We’ve already discussed it, and it’s inevitable: End-of-life is quickly approaching for Microsoft Server 2003. We’ve already answered the important questions and identified what it means for security and why you must move away from it. But what are your options? It’s hard to make a choice when you don’t fully understand how server structures and cloud services have evolved. In order to choose the best option for you, you have to do a little digging into processes and understand exactly what you need. Here are three options for small businesses moving away from Microsoft Server 2003.
Refresh Local Hardware with Server 2012
Perhaps the simplest option is upgrading to the newest version of Microsoft Server, which is Server 2012. This is Microsoft’s newest server operating system and gives you a great physical server alternative to Server 2003. There are some great upgrades with regard to virtualization and Hyper-V in addition to terminal server (now called RDS) features. If your server equipment has been recently refreshed, this should be a simple transition, but you’ll want to explore a server refresh in conjunction with your new server software in order to get optimal performance. This option is perfect for businesses that are prohibited from moving to the cloud services or hosting their servers in the cloud because of certain applications or infrastructure. But for those that can…
Use this opportunity to make a cloud move.
While the cloud may seem like a buzzword, it’s doing some great things for businesses with regard to mobility, availability of records, collaboration and cost controls. With this option you’ll need to do some exploring of your processes and how the cloud would work within them. Here’s a great list of considerations you’ll want to make before you switch to the cloud. If you’re still struggling to understand exactly what the cloud is, you’ll enjoy this webinar recording.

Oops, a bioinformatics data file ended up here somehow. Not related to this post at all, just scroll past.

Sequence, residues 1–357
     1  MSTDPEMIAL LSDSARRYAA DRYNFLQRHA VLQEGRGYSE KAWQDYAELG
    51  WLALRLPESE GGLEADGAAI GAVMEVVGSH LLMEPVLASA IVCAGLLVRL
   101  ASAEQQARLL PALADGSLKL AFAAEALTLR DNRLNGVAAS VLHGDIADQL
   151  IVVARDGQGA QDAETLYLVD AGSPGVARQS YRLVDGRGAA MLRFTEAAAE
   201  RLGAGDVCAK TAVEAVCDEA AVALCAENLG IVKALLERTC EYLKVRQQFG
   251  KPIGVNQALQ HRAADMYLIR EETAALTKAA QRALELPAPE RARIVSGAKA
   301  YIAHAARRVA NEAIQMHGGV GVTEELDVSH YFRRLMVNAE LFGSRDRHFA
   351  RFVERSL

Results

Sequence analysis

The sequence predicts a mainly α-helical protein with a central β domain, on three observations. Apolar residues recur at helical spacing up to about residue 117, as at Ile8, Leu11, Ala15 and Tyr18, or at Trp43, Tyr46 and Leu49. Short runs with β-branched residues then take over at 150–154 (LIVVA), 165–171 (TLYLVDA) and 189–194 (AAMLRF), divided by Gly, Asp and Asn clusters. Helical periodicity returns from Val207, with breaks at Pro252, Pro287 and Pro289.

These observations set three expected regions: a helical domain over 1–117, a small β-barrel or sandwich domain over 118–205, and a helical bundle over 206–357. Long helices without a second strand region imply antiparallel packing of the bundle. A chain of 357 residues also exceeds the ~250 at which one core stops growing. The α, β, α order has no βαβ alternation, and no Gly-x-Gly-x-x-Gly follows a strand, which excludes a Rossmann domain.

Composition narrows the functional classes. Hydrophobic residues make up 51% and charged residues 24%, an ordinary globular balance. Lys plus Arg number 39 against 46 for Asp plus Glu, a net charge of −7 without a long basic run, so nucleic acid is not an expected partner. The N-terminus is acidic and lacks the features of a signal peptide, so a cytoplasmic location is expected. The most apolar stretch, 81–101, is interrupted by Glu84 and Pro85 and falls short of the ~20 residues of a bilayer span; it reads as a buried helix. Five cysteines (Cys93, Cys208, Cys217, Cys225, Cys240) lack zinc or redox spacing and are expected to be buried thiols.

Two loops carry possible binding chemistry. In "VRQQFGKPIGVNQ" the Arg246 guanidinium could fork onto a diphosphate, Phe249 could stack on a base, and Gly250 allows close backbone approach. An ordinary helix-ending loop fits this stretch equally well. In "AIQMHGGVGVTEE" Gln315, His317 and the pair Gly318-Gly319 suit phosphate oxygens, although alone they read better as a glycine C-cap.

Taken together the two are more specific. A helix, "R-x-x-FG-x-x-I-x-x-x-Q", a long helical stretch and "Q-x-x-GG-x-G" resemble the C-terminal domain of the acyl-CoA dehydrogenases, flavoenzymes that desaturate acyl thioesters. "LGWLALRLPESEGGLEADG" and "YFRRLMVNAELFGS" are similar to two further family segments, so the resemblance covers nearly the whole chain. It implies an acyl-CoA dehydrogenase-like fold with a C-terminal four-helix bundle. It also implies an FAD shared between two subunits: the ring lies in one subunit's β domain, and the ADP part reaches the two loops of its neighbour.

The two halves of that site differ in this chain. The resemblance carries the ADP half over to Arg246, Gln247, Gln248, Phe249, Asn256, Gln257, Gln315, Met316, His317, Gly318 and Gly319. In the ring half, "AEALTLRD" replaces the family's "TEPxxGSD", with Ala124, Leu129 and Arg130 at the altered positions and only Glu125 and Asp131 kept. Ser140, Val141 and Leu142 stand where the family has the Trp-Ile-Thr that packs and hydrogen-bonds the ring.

Hybridization of Cloud Services
For those that are finding that their processes are not conducive to externally hosted cloud servers, you may want to consider hybridizing your cloud services with Office 365 and a local server (Microsoft Azure is a good option that some of our clients have used successfully). The combination gives you a comprehensive solution that encompasses application licensing and Sharepoint for collaboration. Hybridization is a great option for businesses that aren’t tied to a custom application and have flexibility and the desire to be more mobile without hosting all data in the cloud.
The deadline is quickly approaching and these projects can take some time. With only 90 days until the end of support, you need to make a decision, choose a vendor or team to help execute and get started as soon as possible. If you’re feeling a little overwhelmed, don’t be. Engage a professional to help you make the best decision for your organization. Making the decision to switch is the most important thing and the rest will come as you and your provider explore your options together while avoiding the security risks associated with an unsupported server operating system.